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Forum topic by mtnbikecrash posted 01-12-2009 10:12 PM 1565 views 0 times favorited 5 replies Add to Favorites Watch
View mtnbikecrash's profile


31 posts in 4685 days

01-12-2009 10:12 PM

Topic tags/keywords: lumber wholesale supplies sheet goods

Does anyone else have a problem getting local wholesale lumber due to having their professional cabinet shop located at their home? I am forced to get my lumber and sheet goods from a supplier over 90 miles away due to the fact that the local supplier won’t sell to anyone unless they have a shop somewhere in an industrial area. This is so frustrating.

I am either forced in to paying retail prices or getting my supplies 90 miles away.

I am both venting and asking for any ideas from those of you who have had the same trouble.


-- JD - Sand Springs, OK - "You can't steer a car that isn't moving..." Unknown

5 replies so far

View robdew's profile


86 posts in 4631 days

#1 posted 01-12-2009 10:52 PM

I think part of the point of not paying retail is you are expected to have the resources of a professional, including buying in bulk, trucking and storage.

Team up with someone else locally to buy from afar, and share who drives.

View CharlieM1958's profile


16289 posts in 5135 days

#2 posted 01-12-2009 11:17 PM

Is your business registered or licensed in any way? I would think that would be sufficient to have them sell to you. I don’t see why shop location would have any bearing on it. Have you tried going up the chain of command at this dealer? If it is a local outfit, I’d want to talk to the owner.

On the other hand, if you are doing work more or less under the table from your home, I can understand their position. In that case, there is nothing to formally distinguish you from any other hobbyist who is trying to take advantage of wholesale pricing.

-- Charlie M. "Woodworking - patience = firewood"

View rhett's profile


743 posts in 4584 days

#3 posted 01-13-2009 12:01 AM

If you have a tax id and are a licensed business I don’t see the problem. I have my shop on property and have never been asked either way. The only issue I have is getting deliveries, since I do not have a loading dock.
Ofcourse it is hard to be taken seriously if you are only buying small quantities of material. Two sheets of ply and 50 bdf of wood every other month doesn’t look very professional. The discount any tradesman recieves is in direct correlation to the amount of material being purchased. You could also be getting the “good ol boy” cold shoulder. Some suppliers, no matter the size, don’t like seeing new guys getting the business of their loyal customer base.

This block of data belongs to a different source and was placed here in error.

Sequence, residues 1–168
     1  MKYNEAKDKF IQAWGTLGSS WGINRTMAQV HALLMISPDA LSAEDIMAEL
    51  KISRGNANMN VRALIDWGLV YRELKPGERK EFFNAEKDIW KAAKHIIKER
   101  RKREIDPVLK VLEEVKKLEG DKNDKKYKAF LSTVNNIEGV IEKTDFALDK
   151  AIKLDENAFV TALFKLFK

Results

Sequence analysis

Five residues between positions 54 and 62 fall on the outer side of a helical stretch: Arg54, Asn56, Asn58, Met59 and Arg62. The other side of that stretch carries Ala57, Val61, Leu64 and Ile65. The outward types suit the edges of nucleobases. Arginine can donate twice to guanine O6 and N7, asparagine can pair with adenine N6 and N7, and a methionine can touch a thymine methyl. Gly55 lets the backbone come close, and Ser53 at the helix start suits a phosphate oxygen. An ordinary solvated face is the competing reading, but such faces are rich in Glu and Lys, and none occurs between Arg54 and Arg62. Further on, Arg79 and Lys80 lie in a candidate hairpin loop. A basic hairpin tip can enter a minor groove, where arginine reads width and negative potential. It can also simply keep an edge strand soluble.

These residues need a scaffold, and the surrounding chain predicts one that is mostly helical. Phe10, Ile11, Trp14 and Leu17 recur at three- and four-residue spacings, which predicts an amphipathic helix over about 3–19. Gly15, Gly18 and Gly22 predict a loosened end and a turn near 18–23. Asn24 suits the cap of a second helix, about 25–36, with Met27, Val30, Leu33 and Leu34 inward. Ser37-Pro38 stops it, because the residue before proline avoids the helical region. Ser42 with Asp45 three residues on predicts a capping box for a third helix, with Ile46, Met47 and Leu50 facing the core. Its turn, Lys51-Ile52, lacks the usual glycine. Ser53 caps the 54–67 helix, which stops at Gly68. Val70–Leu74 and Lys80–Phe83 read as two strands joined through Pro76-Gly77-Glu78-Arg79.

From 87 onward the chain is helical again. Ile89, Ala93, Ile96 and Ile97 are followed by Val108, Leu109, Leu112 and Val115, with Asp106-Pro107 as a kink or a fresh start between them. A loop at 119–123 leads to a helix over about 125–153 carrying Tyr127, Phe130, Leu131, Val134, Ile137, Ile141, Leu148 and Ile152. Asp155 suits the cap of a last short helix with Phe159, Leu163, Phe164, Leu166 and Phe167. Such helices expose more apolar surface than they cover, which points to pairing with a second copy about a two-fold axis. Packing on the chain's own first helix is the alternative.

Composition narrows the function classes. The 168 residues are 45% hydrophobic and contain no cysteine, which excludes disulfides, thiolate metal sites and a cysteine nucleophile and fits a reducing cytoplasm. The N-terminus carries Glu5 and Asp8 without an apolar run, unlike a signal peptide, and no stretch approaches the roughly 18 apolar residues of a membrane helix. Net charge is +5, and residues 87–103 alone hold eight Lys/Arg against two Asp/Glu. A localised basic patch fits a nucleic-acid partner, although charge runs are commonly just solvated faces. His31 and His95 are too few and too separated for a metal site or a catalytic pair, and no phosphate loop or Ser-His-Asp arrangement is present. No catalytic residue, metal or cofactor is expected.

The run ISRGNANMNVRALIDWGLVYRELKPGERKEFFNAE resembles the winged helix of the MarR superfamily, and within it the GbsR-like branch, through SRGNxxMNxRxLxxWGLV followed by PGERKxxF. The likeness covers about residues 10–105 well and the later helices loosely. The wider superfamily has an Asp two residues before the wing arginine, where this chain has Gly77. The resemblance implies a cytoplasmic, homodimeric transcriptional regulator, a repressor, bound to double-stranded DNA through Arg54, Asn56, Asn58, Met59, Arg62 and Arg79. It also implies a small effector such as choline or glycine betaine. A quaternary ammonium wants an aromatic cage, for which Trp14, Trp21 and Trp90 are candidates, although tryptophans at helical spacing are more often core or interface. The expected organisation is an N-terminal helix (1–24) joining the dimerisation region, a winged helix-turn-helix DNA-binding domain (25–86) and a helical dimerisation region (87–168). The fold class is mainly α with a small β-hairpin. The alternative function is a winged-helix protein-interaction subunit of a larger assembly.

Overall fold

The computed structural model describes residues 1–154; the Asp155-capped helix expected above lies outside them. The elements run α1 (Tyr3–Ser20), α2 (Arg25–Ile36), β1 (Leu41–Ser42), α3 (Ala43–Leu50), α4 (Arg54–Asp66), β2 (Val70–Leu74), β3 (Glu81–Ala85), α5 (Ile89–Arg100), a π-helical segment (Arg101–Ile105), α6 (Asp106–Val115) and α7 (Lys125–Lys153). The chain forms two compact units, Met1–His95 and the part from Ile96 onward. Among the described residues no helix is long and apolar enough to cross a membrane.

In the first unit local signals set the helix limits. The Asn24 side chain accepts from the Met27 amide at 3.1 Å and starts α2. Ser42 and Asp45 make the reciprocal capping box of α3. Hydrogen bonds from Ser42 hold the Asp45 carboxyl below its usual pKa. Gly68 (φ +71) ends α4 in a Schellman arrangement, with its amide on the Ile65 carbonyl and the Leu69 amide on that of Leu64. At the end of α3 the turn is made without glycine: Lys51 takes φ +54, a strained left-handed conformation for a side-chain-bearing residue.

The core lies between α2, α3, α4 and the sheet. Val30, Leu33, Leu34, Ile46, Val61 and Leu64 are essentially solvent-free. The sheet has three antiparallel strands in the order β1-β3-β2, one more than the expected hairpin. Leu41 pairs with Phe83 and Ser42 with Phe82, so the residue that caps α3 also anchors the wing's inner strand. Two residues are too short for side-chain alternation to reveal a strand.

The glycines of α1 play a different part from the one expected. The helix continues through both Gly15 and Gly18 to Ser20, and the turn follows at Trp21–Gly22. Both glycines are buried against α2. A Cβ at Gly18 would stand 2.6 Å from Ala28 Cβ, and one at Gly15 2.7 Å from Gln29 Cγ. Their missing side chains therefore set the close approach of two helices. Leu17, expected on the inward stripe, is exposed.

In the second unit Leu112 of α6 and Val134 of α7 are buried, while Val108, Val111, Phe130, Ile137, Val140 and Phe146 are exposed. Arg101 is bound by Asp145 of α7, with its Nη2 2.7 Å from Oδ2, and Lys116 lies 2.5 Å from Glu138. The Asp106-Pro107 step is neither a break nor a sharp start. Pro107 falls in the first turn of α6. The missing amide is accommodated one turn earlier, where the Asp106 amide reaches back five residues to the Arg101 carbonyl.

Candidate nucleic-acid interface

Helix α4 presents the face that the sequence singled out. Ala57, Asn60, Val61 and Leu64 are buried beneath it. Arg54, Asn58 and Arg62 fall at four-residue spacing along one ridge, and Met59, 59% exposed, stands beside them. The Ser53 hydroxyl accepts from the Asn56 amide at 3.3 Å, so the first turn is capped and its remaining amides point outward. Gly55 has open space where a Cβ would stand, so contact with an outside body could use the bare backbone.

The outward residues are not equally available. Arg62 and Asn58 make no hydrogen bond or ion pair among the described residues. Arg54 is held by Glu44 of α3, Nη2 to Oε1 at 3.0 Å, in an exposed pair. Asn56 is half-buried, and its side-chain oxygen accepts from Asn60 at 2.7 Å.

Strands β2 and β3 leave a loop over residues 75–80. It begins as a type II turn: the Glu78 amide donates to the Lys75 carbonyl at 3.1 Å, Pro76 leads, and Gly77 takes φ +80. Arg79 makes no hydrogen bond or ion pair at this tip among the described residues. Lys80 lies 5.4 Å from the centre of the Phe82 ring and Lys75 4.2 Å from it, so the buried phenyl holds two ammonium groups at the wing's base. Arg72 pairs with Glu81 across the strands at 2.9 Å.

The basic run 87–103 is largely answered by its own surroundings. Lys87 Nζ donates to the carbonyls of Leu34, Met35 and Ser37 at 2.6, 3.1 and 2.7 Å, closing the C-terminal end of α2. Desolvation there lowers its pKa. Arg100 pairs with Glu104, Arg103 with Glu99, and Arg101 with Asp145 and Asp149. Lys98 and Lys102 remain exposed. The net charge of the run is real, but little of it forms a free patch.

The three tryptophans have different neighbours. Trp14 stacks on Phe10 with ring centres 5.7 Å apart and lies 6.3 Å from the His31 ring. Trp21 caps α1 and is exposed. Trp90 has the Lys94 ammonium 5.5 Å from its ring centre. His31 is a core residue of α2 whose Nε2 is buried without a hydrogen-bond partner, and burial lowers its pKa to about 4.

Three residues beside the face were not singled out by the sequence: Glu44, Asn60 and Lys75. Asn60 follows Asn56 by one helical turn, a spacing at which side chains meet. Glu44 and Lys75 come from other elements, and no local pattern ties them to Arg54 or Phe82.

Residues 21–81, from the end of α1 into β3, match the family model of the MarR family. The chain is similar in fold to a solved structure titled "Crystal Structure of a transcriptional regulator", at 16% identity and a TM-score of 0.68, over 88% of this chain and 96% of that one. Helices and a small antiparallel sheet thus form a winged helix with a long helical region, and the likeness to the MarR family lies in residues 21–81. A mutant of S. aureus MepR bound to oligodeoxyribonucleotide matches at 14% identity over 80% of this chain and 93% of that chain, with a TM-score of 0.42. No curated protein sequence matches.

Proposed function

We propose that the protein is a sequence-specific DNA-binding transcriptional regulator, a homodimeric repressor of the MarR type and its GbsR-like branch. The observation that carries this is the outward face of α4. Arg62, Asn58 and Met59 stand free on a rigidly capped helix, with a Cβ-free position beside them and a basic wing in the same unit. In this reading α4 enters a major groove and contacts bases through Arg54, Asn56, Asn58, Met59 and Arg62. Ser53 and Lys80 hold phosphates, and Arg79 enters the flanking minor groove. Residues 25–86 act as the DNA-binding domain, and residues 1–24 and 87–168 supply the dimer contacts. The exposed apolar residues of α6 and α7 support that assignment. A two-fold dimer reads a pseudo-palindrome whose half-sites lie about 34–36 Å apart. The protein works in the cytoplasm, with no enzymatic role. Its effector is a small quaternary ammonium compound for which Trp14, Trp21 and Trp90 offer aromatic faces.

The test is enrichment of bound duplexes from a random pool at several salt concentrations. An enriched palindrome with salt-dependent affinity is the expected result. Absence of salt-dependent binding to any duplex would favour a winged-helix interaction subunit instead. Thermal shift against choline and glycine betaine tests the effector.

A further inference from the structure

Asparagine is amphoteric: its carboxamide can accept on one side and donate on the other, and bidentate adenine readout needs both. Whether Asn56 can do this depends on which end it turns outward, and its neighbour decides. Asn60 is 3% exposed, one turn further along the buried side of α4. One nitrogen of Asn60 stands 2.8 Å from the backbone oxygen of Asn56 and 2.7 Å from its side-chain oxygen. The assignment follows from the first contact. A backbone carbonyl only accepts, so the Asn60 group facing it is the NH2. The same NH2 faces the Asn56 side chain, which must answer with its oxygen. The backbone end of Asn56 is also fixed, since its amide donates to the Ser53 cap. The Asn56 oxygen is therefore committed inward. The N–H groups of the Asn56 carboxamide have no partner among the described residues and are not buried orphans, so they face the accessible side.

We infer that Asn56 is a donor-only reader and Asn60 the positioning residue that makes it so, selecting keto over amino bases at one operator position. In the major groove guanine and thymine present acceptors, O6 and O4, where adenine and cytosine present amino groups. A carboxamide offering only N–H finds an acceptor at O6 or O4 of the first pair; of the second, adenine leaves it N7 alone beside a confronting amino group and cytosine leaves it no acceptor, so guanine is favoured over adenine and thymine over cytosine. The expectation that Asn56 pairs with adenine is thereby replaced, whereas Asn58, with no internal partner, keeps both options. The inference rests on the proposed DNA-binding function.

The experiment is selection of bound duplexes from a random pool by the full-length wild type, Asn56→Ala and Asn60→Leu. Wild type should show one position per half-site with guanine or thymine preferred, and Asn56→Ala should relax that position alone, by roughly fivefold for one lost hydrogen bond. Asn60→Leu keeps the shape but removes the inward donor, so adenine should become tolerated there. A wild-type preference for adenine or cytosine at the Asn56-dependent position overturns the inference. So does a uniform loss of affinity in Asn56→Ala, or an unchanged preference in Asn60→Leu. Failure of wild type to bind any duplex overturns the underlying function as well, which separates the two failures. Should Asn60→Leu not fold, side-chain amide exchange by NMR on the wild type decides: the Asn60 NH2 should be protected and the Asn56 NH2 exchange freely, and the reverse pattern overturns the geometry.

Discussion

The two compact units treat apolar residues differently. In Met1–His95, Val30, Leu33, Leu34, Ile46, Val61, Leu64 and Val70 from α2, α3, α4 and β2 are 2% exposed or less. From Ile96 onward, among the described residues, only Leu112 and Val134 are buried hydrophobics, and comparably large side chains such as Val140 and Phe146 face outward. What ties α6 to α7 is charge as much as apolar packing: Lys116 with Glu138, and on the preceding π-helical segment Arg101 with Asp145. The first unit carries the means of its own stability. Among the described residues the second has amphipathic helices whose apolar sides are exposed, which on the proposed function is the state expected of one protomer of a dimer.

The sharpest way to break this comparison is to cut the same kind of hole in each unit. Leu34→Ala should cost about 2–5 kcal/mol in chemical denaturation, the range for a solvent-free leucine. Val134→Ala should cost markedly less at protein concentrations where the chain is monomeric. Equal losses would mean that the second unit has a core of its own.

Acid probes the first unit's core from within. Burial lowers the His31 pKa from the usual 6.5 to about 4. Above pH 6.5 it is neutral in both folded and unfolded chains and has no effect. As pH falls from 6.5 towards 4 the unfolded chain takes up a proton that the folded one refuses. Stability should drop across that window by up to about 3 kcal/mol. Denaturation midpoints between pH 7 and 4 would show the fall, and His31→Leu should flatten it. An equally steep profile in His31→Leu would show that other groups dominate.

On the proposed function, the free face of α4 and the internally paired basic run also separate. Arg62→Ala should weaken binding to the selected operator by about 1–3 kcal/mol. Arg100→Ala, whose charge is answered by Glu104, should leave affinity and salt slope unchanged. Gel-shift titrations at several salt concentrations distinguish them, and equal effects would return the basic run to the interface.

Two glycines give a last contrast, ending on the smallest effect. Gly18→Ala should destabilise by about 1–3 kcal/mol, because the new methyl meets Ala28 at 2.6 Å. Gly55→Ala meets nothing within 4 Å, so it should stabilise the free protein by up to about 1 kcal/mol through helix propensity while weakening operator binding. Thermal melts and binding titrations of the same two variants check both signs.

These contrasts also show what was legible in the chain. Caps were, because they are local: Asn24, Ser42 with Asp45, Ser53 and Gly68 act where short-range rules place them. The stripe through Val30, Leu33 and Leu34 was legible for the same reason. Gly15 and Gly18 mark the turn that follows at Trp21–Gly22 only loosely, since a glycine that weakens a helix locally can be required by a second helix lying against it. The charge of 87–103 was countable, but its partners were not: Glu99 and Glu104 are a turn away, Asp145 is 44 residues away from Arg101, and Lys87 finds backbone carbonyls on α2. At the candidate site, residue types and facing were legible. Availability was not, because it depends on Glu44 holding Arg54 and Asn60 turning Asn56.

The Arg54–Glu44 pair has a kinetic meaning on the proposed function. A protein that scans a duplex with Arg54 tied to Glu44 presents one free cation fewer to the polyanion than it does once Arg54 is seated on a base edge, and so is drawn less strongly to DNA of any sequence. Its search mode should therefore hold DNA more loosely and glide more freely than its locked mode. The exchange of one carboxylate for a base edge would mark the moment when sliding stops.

If you are planning to be taken seriously, you need to go in when you don’t need material and see about setting up an account and establishing a professional relationship with your suppliers. In todays market place I don’t know any business that doesn’t want customers.

-- Doubt kills more dreams than failure.

View mtnbikecrash's profile


31 posts in 4685 days

#4 posted 01-13-2009 03:05 AM

I agree with all of you that it shouldn’t make any difference regarding my shop’s location. Yes, my business is registered and it is a professional cabinet shop, not a hobby shop. I may be a small one man show, but I should still be able to buy wholesale. My supplier 90 miles away will deliver on fridays, so it isn’t that big of a deal, I just was hoping to have a local source. Also, this local source has a better selection of product offerings.

-- JD - Sand Springs, OK - "You can't steer a car that isn't moving..." Unknown

View gene's profile


2184 posts in 4800 days

#5 posted 01-13-2009 09:48 AM

All you should have to do is take your business license with you and register it with them. Even Sam’s club require to see either a business license or 2 docouments listed in your companies name, such as a telephone bill, electric bill, etc. A business card or a letterhead are not considered proof.
God bless

-- Gene, a Christian in Virginia

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